They’re Only in it for the Money: Organic Farming in the EU

Organic Farmers in Greece

Organic Farmers in Greece

Organic farming regulations are implemented by EU Member States mainly through the provision of financial support to farmers. There has been an increase in the areas under organic management in most EU countries, which is probably related to the direct effect of financial support. Greece is an important country with respect to organically cultivated land and has one of the highest rates of increasing organic areas in the EU. However, Greek organic products are very difficult to find in the market, and sales are extremely low. In other words, only a small amount of organic products are labeled and sold as organic products. Since farmers were willing to switch from conventional to organic agriculture, with the procedure to obtain the organic label being quite simple for farmers to follow, why are so many farmers not enthusiastic about certifying and labeling their products as organic?

“In Greece, organic farming was majorly promoted through the provision of subsidies to farmers, i.e., since 2004. An average organic farmer in Greece has one of the highest per hectare support compared to other countries. However, subsidies are provided with no limitation regarding crop type, geographic region or other more specific characteristics. It is very likely that farmers are not selecting organic management for ideological reasons, but are driven by financial incentives to receive the available subsidies… In any case, when the organic agricultural sector operates in this way, it stops at the farm, resulting in it being short term and highly unsustainable, as it is completely dependent on direct and uninterrupted financing.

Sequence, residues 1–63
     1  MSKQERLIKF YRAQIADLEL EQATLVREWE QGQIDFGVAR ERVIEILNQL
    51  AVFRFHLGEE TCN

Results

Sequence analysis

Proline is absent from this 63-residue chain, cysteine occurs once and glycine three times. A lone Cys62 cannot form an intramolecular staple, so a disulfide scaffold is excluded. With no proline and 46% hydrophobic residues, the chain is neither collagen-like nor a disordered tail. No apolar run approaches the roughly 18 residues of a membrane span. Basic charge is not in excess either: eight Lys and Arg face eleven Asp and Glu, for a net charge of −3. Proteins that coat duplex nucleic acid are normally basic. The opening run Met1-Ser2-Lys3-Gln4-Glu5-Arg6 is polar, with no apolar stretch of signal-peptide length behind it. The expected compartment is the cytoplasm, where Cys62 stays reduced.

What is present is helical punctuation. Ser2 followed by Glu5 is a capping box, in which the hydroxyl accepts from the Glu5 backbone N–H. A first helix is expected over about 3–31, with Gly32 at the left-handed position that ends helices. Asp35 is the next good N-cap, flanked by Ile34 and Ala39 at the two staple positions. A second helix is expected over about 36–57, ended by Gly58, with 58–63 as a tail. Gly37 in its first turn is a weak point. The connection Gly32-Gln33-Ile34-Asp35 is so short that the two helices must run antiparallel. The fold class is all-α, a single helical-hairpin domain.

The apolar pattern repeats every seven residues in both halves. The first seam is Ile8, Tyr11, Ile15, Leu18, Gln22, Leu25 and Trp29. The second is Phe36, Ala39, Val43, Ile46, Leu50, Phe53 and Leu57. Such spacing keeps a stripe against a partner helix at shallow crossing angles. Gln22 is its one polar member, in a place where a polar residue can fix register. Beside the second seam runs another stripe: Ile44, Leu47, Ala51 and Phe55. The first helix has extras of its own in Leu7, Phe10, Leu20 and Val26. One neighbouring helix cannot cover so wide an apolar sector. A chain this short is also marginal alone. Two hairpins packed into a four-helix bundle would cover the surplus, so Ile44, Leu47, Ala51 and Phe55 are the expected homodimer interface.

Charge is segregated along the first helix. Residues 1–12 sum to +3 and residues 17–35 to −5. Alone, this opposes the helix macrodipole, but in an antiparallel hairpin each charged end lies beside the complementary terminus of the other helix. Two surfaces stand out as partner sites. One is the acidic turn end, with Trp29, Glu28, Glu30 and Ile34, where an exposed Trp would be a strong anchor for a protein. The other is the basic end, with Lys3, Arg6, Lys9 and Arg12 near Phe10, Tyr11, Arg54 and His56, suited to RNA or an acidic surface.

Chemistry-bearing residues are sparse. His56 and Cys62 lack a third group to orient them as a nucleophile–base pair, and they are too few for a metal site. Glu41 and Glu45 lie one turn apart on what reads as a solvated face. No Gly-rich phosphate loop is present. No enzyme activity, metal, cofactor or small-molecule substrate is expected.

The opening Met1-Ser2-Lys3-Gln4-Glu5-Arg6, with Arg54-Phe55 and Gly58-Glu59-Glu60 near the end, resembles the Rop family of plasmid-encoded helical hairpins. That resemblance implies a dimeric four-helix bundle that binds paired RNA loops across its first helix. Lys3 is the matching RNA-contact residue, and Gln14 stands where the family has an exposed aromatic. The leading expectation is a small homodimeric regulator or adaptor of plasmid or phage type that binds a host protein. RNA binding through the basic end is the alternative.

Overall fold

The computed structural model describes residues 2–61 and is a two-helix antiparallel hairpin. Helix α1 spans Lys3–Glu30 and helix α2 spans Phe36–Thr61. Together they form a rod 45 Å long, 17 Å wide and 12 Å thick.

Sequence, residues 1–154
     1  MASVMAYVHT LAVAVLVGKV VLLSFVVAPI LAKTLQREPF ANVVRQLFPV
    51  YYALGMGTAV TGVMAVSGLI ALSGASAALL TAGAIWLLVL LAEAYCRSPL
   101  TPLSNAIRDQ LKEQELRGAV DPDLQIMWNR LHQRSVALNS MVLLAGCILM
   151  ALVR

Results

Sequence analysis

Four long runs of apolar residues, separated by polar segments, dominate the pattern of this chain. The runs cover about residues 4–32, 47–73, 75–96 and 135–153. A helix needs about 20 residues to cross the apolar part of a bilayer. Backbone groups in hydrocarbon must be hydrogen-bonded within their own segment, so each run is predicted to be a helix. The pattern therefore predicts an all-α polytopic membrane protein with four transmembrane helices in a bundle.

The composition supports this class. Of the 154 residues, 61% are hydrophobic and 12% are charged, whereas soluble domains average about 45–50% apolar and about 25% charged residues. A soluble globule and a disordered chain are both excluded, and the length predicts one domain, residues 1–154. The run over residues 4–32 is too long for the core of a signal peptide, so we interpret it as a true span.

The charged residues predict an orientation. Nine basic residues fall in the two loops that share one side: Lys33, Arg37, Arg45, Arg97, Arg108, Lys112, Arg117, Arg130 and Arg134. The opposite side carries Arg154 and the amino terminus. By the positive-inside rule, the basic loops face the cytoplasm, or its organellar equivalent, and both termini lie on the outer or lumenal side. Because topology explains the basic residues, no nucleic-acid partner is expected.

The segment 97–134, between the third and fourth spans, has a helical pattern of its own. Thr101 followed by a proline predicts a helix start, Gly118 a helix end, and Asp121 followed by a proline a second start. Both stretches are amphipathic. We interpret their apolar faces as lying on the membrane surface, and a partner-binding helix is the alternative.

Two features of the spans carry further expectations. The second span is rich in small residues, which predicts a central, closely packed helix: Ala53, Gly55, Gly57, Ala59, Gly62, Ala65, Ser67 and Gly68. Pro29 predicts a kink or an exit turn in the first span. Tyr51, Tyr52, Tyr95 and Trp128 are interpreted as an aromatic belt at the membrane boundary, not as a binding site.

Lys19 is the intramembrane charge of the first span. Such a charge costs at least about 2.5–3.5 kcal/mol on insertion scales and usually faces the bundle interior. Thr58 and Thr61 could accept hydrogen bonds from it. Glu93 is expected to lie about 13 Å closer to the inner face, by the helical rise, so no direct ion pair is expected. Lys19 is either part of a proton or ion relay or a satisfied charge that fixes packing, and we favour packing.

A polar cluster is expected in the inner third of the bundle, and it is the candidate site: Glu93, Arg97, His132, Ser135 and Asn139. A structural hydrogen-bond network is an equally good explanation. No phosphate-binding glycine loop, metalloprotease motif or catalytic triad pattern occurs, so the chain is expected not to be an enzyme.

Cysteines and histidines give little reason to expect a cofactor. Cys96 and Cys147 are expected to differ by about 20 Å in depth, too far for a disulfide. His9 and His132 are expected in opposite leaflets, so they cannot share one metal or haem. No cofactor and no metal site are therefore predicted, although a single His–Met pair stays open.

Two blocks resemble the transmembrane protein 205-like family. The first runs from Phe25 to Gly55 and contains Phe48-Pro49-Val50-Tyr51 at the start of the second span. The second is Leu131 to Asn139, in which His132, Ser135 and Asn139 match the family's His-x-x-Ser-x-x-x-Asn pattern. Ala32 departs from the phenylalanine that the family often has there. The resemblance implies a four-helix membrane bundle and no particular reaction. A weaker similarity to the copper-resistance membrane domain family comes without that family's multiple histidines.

Consequently, since organic farming is made profitable because of subsidies (sometimes double, as in the case of wheat), it is much easier for the farmers to sell organic products as conventional products in a market that they are already familiar with.

As the majority of EU Member States offer per area payments for the conversion and/or maintenance of organic land, the “Bio without Bio”, i.e., organic farming – without organic products case of Greece, is probably not an exception.”

Authors: Argyropoulos, C., et al.
Affiliation: DIO-Certification Body.
Title: Organic farming without organic products.
Source: Land Use Policy. 2013. 32:324-328.

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